When most South Dakotans consider of the primary role of Congress, they probably think of passing legislation.  While sending new laws to the President is an important role the Congress plays, another important role is providing oversight.  Oversight is a Washington term, but its definition is self-explanatory.  Members of Congress have a duty to keep watch over government programs and how our tax dollars are spent. 

                Just this week I voted, with a bipartisan majority, to direct the House Committees to pursue vigorous oversight of government agencies and to review existing and proposed regulations to determine their impact on jobs and economic growth.

                When I ask South Dakota small business owners what is the number one thing we can do in Washington, DC to help create jobs, the answer is to provide them with regulatory certainty moving forward.  Not knowing what threatening regulation might be coming down the pike from the Environmental Protection Agency, for example, dampens small business owners’ appetite for making the risk involved in expanding their operation or hiring another employee or two. 

                The EPA is ripe with examples of these burdens.  When the EPA was created 30 years ago, its charge was to protect human health and the environment. That cause has swelled into a movement of unrealistic regulations, becoming increasingly detrimental to farmers and small businesses.  A classic example of these unrealistic controls is the agency’s pending proposal to lower the levels of Particulate Matters through their required review of the Clean Air Act.  The EPA’s suggested levels have the potential to require farmers to impose significant dust control measures on their farms.  You can bet any South Dakota farmer tending to their livestock, bailing hay, or harvesting their crops would agree this is absurd.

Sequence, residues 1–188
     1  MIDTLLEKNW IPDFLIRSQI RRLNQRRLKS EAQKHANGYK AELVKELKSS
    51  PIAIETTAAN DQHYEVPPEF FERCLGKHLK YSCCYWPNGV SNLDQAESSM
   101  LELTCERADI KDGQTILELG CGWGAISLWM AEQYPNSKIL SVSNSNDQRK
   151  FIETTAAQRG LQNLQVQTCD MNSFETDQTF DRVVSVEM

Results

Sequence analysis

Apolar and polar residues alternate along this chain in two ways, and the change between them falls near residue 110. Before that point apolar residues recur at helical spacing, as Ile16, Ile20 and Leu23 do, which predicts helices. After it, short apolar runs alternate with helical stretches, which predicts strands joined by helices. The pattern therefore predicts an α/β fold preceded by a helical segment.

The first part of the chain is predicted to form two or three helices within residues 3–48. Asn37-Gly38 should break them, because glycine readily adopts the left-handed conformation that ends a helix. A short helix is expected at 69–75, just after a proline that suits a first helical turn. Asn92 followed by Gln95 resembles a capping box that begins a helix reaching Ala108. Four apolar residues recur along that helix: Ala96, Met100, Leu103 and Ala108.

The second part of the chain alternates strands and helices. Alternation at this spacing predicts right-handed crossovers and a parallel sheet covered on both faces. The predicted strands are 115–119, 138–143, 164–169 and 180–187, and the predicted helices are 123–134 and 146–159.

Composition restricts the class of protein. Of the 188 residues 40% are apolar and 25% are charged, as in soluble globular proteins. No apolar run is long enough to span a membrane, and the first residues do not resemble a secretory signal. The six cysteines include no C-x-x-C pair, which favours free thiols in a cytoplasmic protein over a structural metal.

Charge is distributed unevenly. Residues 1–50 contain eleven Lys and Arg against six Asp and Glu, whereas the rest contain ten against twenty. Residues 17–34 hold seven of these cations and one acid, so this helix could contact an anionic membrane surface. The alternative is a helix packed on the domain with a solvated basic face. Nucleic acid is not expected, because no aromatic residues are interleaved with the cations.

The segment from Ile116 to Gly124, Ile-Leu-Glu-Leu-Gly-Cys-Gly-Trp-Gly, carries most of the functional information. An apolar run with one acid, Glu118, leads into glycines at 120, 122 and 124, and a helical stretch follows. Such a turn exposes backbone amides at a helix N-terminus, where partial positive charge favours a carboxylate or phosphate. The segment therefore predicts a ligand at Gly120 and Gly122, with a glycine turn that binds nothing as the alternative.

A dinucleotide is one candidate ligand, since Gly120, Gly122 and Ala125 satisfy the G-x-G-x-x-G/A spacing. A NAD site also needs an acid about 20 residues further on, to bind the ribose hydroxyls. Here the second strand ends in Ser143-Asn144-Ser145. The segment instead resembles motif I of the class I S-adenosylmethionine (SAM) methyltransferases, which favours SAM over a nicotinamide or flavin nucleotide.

It is essential Congress use its oversight authority to return these agencies to their original purposes and eliminate burdensome regulations.  These mandates impede private-sector job creation, stifle innovation and the American entrepreneurial spirit, and prolong economic uncertainty when our economy is in a fragile recovery.  The unnecessary weight of additional paperwork and costs must be eliminated.  These actions need to be mitigated to allow our nation and its job creators – large and small - the opportunity to gain stability, expand, and get our economy moving again. 

It is my plan to use my committee assignments on the Natural Resources Committee and Education and Workforce Committee to  not only pursue legislation that benefits South Dakota, but also to carry out oversight to ensure bureaucrats in Washington are not slowing job creation in South Dakota.


Rep. Kristi Noem is South Dakota’s lone U.S. Representative, elected in November 2010.  She serves on the Education and Workforce and Natural Resources Committees.


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